'It's what we've got to settle for' – McLaren drivers upbeat despite solitary point for team in Japan


McLaren left Suzuka with just a solitary point after Lando Norris and Daniel Ricciardo finished the Japanese GP in 10th and 11th, respectively. After the race, both drivers reflected on a "tough" Sunday afternoon.

Norris lined up in 10th, but a slow start saw him drop to 13th before the red flag stopped the Grand Prix. After the race was restarted, Norris dived into the pit lane to switch from the wet tyres to the intermediates.

This allowed Norris to undercut his rivals and make it up to ninth before he was overtaken by the Mercedes of George Russell, dropping him down to 10th. While Norris was happy to take a point away from Suzuka, he was frustrated by his slow start.

READ MORE: 5 Winners and 5 Losers from the Japanese Grand Prix – Who mastered the wet conditions in Suzuka?

“Yeah, I guess happy,” said Norris, when asked how he felt after the race. “I mean, I lost a lot of positions in the first start, had just a lot of wheelspin and dropped a huge amount. Bit unfortunate then but made up for it with the early pit stop.

“Seemed like whoever went on to the inters earlier made the most positions, like [Sebastian Vettel] for example did a good job and made a good call. But one point is better than nothing. I think I was P14 or P15 on the restart. So, I’m happy, it’s one point; it’s not a lot but it’s what we’ve got to settle for today.”

Norris happy with a point after P10 finish in 'scary' Japanese GP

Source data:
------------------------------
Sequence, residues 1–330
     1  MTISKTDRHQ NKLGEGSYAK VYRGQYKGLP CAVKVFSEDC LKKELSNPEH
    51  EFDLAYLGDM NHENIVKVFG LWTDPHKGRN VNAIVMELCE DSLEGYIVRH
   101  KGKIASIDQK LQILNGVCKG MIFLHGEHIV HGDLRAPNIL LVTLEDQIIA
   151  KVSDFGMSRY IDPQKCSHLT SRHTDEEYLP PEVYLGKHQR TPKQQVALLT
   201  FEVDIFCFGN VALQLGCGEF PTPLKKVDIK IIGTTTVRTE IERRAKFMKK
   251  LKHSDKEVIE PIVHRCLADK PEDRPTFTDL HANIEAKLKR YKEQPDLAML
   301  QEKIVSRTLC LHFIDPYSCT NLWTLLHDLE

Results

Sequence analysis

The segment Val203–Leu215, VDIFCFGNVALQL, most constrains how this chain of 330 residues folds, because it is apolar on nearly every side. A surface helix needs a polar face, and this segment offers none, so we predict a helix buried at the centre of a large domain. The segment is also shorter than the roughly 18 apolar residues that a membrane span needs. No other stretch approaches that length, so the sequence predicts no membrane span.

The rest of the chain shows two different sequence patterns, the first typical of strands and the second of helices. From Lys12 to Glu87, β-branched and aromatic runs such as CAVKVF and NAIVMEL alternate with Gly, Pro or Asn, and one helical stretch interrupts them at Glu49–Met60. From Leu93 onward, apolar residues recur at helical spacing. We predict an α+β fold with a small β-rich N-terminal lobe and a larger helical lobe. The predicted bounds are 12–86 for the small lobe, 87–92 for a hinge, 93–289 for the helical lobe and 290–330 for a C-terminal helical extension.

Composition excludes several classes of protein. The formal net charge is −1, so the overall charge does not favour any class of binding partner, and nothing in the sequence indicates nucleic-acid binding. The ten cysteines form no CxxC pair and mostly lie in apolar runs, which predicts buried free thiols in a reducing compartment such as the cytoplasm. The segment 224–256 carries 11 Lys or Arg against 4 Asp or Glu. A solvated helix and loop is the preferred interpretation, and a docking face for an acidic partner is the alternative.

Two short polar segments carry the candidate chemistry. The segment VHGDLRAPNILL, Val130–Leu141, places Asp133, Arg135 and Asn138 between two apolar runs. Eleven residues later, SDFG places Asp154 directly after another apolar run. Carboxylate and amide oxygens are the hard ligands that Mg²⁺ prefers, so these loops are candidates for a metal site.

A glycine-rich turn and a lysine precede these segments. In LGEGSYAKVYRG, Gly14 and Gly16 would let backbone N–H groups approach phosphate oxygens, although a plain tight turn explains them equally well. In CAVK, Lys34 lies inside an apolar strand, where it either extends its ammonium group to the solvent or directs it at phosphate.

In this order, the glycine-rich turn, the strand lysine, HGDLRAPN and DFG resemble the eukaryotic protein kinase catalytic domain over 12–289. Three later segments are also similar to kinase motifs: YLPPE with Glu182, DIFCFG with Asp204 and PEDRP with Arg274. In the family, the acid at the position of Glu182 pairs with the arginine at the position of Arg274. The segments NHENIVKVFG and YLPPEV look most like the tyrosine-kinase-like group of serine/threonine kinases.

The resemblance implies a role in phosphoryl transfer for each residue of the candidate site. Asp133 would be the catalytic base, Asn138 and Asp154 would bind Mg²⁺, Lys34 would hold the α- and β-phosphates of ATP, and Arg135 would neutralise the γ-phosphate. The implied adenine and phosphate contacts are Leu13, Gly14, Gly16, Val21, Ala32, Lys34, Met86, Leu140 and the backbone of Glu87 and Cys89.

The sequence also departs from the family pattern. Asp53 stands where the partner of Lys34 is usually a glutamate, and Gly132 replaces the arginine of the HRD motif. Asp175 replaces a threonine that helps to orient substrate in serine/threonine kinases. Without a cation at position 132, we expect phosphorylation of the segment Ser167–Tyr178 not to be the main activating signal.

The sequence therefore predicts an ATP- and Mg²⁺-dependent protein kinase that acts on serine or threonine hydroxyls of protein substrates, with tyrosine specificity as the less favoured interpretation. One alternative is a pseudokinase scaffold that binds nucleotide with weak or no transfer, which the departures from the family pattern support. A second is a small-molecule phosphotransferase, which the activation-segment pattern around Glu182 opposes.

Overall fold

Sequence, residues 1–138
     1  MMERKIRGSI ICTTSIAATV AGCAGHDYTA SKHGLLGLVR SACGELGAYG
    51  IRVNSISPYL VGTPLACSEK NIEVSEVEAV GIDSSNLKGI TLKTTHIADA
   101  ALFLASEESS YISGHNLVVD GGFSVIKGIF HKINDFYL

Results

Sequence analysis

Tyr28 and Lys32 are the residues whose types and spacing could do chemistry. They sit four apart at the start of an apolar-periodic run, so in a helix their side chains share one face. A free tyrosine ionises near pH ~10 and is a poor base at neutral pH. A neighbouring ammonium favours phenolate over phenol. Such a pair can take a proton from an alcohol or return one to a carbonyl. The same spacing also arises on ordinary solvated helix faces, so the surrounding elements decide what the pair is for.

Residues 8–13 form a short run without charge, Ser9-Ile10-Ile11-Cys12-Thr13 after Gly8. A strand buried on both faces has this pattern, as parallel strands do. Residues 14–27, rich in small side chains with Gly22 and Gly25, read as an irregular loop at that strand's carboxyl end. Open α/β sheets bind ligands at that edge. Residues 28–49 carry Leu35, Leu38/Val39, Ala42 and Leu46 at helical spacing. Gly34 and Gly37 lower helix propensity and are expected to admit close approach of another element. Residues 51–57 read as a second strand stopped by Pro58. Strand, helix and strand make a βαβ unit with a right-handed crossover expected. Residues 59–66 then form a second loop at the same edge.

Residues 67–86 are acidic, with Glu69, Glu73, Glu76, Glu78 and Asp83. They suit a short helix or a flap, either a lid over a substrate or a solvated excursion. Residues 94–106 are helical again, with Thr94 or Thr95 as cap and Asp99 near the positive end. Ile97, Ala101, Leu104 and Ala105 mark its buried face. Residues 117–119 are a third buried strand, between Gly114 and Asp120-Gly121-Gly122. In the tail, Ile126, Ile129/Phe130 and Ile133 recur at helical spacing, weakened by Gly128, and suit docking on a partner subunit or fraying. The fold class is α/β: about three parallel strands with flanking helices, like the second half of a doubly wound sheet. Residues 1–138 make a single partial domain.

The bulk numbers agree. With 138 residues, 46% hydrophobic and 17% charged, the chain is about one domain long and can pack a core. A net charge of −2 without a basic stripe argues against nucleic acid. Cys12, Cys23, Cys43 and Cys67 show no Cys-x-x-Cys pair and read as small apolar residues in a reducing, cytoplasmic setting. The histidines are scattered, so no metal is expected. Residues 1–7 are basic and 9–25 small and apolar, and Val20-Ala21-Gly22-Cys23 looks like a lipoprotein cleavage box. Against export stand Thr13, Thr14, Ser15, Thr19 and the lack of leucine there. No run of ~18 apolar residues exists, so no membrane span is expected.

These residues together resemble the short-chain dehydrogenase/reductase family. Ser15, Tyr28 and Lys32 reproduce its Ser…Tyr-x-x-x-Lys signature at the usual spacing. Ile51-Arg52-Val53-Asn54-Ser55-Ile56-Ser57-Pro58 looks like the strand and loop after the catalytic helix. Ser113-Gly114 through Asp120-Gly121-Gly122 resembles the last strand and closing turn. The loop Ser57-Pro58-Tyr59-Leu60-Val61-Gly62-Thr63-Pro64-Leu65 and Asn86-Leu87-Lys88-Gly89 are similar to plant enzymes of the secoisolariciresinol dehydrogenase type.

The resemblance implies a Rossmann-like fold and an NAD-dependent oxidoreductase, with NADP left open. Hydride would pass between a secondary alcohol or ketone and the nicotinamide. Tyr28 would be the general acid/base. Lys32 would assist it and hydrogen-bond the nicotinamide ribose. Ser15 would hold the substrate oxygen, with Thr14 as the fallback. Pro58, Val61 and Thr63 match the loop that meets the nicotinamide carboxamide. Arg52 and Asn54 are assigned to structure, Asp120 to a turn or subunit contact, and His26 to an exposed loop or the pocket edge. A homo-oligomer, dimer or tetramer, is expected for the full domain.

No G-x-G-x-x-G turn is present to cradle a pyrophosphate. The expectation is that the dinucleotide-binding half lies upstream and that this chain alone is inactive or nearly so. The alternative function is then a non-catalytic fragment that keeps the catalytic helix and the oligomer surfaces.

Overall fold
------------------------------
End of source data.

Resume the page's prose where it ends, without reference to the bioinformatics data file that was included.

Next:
When asked just how difficult it was to drive in the wet conditions in the opening laps, Norris said: “The beginning, it was like you still couldn’t see literally anything. The first start was too bad, I think that was obvious. It’s impossible for us to describe to the viewers or to you, just how bad it is, how scary it is being in that situation.

MONDAY MORNING DEBRIEF: Why nailing the strategy was so tough at the rain-shortened Japanese GP

“We are going at whatever speeds we are trying to go; you genuinely cannot see 10 metres ahead of you. And if you are going at 150, 180mph, 300kph and a car stops like Carlos’s, you don’t see them until it’s too late.”

He continued: “It’s tough. I don’t know what it is, whether we need to have some, like, mud guards on the tyres, something so simple. But it’s impossible to drive like that. Thank God it stopped but also happy to get it going again in the end.”

Daniel Ricciardo: 'It was hard to read, it was hard with the spray'

Ricciardo, on the other hand, made a fast start going up from 11th to eighth but lost out in the pit stops after the restart, dropping down to 13th. However, he was able to get back up to P11 before the end of the race, leaving the Australian lamenting his extra lap on the extreme wet tyres.

“It was ultimately just the inter [that cost us],” said Ricciardo. “The ones brave enough to fit it early, they made it work. It was hard to read, hard with the spray, with visibility, not really seeing a clear line as well and not knowing if the inters are going to be ready. So, you kind of rely on the others as well, how they are going, but I think we were still kind of talking about it in the last chicane.

BUXTON: Why comparisons to Schumacher are inevitable after Verstappen’s imperious run to his second title

“To be honest, although I was 11th, I was having fun. It’s not normally as fun when you are outside the points, but I enjoyed the challenge of it. I felt like we had a bit more to show but [it was] probably more about tyres and managing them, which is where we maybe fell a bit short as well.”

Ricciardo was also asked for his thoughts on his former Red Bull team mate Max Verstappen winning the title, to which replied: “Last year was such a battle and as a fan it was awesome to see, and this year, he just stepped it up again. It was pretty convincing, so I am happy for Max and Red Bull.”



Coming Up

Coming Up


Our writers celebrate their favourite and most memorable Ayrton Senna moments